Strikingly, he predicted a partnership between Turkey and Egypt, two of the region’s militarily strongest and most populous and influential countries, which he said could create a new axis of power at a time when American influence in the Middle East seems to be diminishing.
“This is what we want,” Mr. Davutoglu said.
“This will not be an axis against any other country — not Israel, not Iran, not any other country, but this will be an axis of democracy, real democracy,” he added. “That will be an axis of democracy of the two biggest nations in our region, from the north to the south, from the Black Sea down to the Nile Valley in Sudan.”
His comments came after a tour last week by Turkish leaders — Prime Minister Recep Tayyip Erdogan and Mr. Davutoglu among them — of Tunisia, Egypt and Libya, the three Arab countries that have undergone revolutions this year. His criticism of old allies and embrace of new ones underscored the confidence of Turkey these days, as it tries to position itself on the winning side in a region unrecognizable from a year ago.
Unlike an anxious Israel, a skeptical Iran and a United States whose regional policy has been criticized as seeming muddled and even contradictory at times, Turkey has recovered from early missteps to offer itself as a model for democratic transition and economic growth at a time when the Middle East and northern Africa have been seized by radical change. The remarkably warm reception of Turkey in the Arab world — a region Turks once viewed with disdain — is a development almost as seismic as the Arab revolts and revolutions themselves.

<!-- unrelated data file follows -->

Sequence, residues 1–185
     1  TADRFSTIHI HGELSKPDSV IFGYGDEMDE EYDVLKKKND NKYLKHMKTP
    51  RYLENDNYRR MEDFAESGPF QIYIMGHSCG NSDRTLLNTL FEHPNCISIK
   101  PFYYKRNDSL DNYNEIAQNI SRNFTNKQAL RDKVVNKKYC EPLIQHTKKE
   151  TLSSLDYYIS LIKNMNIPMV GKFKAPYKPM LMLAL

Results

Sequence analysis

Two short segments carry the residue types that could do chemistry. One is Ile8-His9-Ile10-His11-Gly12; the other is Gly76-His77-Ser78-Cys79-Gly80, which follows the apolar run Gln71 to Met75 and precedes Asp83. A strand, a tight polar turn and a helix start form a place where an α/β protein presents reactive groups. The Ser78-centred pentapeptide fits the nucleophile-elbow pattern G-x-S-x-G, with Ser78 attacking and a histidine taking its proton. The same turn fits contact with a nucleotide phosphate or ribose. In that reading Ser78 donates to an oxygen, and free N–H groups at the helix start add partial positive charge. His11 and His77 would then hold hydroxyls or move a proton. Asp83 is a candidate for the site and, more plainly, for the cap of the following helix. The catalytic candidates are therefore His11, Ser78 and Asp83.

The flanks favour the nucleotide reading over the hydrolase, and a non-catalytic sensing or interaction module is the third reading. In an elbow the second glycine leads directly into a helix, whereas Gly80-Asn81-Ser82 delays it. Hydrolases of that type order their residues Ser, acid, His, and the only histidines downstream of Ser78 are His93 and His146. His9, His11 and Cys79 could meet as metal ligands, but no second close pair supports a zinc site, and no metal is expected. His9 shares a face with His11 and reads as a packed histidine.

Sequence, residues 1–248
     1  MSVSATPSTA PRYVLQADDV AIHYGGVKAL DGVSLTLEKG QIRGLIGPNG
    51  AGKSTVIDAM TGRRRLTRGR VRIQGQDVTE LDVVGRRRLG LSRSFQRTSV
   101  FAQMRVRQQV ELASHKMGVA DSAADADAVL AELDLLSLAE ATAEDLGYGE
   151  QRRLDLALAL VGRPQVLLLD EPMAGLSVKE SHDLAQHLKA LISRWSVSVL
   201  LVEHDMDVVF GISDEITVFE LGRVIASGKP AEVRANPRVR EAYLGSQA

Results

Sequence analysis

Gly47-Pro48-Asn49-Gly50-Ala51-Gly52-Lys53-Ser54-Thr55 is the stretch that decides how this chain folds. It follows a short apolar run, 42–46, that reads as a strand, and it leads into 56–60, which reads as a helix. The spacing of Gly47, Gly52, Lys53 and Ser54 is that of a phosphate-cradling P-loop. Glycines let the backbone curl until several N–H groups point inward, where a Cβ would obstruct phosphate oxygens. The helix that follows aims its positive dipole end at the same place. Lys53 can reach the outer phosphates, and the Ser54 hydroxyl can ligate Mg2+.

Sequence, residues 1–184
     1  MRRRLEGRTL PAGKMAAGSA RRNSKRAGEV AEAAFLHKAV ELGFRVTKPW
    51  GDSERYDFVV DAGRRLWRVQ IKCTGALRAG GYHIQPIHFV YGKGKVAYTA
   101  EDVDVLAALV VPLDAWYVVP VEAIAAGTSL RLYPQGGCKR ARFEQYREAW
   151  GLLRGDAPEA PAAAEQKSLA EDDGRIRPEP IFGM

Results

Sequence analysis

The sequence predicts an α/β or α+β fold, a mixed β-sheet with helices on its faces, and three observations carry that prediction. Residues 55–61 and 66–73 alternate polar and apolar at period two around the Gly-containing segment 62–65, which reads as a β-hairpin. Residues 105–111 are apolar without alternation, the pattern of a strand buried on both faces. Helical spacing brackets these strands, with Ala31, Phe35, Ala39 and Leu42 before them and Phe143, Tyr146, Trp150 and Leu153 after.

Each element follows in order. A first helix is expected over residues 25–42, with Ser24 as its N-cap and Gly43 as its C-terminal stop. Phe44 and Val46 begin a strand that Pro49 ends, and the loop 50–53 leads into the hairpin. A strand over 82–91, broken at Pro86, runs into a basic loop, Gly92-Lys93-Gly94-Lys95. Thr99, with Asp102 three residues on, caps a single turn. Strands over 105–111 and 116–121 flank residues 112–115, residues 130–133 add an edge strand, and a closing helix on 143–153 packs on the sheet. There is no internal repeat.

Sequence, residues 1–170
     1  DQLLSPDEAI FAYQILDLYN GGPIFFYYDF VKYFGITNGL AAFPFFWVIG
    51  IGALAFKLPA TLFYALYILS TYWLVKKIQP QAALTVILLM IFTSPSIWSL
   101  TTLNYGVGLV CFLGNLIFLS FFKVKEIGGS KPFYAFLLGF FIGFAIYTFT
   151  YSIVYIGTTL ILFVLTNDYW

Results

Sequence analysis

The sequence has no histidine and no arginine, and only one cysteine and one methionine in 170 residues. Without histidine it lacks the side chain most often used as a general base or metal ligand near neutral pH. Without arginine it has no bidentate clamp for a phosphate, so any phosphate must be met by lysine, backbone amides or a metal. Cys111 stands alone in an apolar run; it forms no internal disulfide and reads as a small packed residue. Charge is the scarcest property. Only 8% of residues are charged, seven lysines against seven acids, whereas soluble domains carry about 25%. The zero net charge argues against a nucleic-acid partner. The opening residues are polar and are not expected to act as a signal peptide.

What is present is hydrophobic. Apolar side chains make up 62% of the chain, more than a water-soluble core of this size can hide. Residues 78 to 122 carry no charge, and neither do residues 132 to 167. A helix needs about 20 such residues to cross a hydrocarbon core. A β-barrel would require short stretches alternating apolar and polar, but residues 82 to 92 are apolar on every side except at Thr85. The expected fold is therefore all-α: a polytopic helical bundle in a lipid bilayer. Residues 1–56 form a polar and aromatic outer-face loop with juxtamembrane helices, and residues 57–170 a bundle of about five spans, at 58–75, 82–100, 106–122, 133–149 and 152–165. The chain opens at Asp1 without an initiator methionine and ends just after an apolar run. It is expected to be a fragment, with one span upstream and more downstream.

Mr. Davutoglu credited a “psychological affinity” between Turkey and much of the Arab world, which was ruled by the Ottoman Empire for four centuries from Istanbul.
The foreign minister, 52, remains more scholar than politician, though he has a diplomat’s knack for bridging divides. Cerebral and soft-spoken, he offered a speech this summer to Libyan rebels in Benghazi — in Arabic. Soon after the revolution in Tunisia, he hailed the people there as the “sons of Ibn Khaldoun,” one of the Arab world’s greatest philosophers, born in Tunis in the 14th century. “We’re not here to teach you,” he said. “You know what to do. Ibn Khaldoun’s grandsons deserve the best political system.”
That sense of cultural affinity has facilitated Turkey’s entry into the region, as has the successful model of Mr. Davutoglu’s Justice and Development Party, whose deeply pious leaders have won three consecutive elections, presided over a booming economy and inaugurated reform that has made Turkey a more liberal, modern and confident place. Mr. Erdogan’s defense of Palestinian rights and criticism of Israel — relations between Turkey and Israel collapsed after Israeli troops killed nine people on board a Turkish flotilla trying to break the blockade of Gaza in 2010 — has bolstered his popularity.
Last week, Mr. Erdogan was afforded a rapturous welcome in Egypt, where thoroughfares were adorned with his billboard-size portraits. (“Lend us Erdogan for a month!” wrote a columnist in Al Wafd, an Egyptian newspaper.)